Middle-east Arab News Opinion | Asharq Al-awsat

Libya’s Oil Production Approaches One Million bpd  | ASHARQ AL-AWSAT English Archive 2005 -2017
Select Page
Media ID: 55377567

A general view shows an oil refinery in Zawia, west of Tripoli, Libya. Reuters photo

London- Libya’s oil production has approached one million barrels per day after it reached an interim agreement with Germany’s Wintershall to resume production amid a contract dispute.

Reuters reported on Tuesday that according to Libyan sources, Libya’s oil production stands at about 935,000 barrels per day (bpd) this week after touching as high as 950,000 bpd late last week.

The National Oil Corporation (NOC), which is targeting one million bpd by the end of July, received a boost this month when it reached an interim agreement with Germany’s Wintershall to resume production amid a contract dispute.

Libya, a member of the Organization of the Petroleum Exporting Countries, has been exempted from OPEC-led supply curbs as it tries to revive its battered oil industry. It had produced more than 1.6 million bpd before a 2011 uprising.

Omran al-Zwai, a spokesman for Arabian Gulf Oil Company (AGOCO), an NOC subsidiary, said output had been as high as 950,000 bpd in recent days, rising from about 885,000 bpd at the start of last week.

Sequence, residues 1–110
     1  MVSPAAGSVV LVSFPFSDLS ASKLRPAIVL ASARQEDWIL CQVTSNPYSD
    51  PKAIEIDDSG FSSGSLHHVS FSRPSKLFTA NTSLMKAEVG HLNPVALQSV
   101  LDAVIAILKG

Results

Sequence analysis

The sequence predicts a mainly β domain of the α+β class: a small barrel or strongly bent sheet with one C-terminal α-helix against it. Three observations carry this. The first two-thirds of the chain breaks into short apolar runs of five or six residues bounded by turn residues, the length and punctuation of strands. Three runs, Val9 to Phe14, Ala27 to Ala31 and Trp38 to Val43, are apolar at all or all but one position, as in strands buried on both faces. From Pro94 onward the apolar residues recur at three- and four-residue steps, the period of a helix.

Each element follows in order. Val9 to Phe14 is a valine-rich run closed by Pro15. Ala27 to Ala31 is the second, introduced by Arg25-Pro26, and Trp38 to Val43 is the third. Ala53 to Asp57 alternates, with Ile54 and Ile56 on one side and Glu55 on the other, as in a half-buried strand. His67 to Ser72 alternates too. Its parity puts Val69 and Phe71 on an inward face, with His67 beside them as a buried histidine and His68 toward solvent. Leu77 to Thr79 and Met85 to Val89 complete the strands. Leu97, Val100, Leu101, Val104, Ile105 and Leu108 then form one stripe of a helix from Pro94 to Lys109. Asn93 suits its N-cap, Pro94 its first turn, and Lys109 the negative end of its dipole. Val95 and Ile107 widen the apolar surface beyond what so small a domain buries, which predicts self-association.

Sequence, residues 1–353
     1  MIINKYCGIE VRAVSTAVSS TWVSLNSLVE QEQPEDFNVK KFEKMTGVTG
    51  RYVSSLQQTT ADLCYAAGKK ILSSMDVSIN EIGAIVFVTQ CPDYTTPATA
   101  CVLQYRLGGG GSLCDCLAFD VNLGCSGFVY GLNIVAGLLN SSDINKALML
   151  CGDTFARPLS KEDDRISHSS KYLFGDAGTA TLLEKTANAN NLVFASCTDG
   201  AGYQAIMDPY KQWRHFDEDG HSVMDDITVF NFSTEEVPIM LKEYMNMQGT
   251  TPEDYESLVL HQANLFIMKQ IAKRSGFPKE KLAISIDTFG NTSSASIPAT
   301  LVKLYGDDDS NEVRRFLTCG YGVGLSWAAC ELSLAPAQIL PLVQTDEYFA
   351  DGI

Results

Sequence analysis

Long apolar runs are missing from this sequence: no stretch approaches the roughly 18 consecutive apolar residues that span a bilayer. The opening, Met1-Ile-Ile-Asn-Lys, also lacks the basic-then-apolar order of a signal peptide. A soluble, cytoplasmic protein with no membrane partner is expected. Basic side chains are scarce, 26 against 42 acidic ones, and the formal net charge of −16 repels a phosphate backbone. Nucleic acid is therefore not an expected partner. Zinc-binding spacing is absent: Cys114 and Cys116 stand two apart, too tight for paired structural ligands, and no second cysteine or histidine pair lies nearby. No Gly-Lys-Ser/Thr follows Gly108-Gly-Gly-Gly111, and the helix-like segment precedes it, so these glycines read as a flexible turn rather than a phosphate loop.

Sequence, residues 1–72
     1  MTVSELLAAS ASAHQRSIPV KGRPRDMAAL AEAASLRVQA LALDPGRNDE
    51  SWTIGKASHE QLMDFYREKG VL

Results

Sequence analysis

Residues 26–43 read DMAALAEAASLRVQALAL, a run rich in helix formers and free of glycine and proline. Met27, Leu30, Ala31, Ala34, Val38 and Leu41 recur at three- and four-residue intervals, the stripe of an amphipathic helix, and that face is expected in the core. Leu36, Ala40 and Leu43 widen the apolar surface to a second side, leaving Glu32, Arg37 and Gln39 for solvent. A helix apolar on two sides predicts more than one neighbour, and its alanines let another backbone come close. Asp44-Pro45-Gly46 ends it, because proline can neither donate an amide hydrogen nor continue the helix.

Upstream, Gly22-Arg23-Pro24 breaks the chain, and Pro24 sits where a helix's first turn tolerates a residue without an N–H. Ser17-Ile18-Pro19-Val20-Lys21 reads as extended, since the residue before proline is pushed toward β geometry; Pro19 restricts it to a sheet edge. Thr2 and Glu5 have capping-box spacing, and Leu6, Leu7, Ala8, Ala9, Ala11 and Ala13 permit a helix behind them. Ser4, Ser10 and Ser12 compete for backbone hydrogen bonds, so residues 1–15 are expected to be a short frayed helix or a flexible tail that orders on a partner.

Production has remained volatile in a nation that has suffered years of violence and political chaos. One Libyan oil source said NOC was repairing several leaks in pipelines that connected to the Es Sider and Zueitina export terminals.

The leaks were due to prolonged shutdowns caused by political rows, blockades by protesters and armed conflict.

Officials from Sirte Oil Co, another NOC subsidiary, said tests were being carried out at Laheeb oil field, which had been shut for maintenance, with a view to reopening the field. Laheeb previously produced 8,000-10,000 bpd.

On the other hand, oil prices have surged for the fourth time in row on Tuesday, and investors tend to cover urban centers, despite concerns that a global supply glut would persist in the global markets.

The global Brent price in the stock market increased to $46.90, up to 2.33 percent at 0400 GMT.

US West Texas Intermediate (WTI) crude futures were up to 2.21 percent, at $44.34 per barrel.

These profits mean that the market is slightly high since the beginning of this week, after it remained low during most days of the last month.

OPEC and its partners have been trying to reduce a global crude glut with production cuts. OPEC states and 11 other exporters agreed in May to extend cuts of 1.8 million barrels per day (bpd) until March.

Despite that the production decline has started in January, markets still have a lot of supplies due to the increased production in other places.

US shale oil output is up around 10 percent since last year to 9.4 million barrel per day, with the number of US oil rigs in operation at the highest in more than three years.